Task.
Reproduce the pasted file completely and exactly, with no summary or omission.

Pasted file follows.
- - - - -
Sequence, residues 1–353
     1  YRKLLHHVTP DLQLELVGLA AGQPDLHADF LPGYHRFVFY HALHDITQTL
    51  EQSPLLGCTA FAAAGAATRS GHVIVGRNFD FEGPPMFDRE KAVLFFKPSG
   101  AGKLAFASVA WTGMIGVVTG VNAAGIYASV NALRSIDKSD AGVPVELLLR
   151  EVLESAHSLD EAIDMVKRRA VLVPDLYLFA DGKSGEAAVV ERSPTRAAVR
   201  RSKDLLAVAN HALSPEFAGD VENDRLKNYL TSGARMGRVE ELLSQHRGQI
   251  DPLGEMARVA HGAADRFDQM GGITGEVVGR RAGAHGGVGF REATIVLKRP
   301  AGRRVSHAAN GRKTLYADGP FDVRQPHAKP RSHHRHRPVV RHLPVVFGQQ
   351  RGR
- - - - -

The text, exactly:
Sequence, residues 1–353
     1  YRKLLHHVTP DLQLELVGLA AGQPDLHADF LPGYHRFVFY HALHDITQTL
    51  EQSPLLGCTA FAAAGAATRS GHVIVGRNFD FEGPPMFDRE KAVLFFKPSG
   101  AGKLAFASVA WTGMIGVVTG VNAAGIYASV NALRSIDKSD AGVPVELLLR
   151  EVLESAHSLD EAIDMVKRRA VLVPDLYLFA DGKSGEAAVV ERSPTRAAVR
   201  RSKDLLAVAN HALSPEFAGD VENDRLKNYL TSGARMGRVE ELLSQHRGQI
   251  DPLGEMARVA HGAADRFDQM GGITGEVVGR RAGAHGGVGF REATIVLKRP
   301  AGRRVSHAAN GRKTLYADGP FDVRQPHAKP RSHHRHRPVV RHLPVVFGQQ
   351  RGR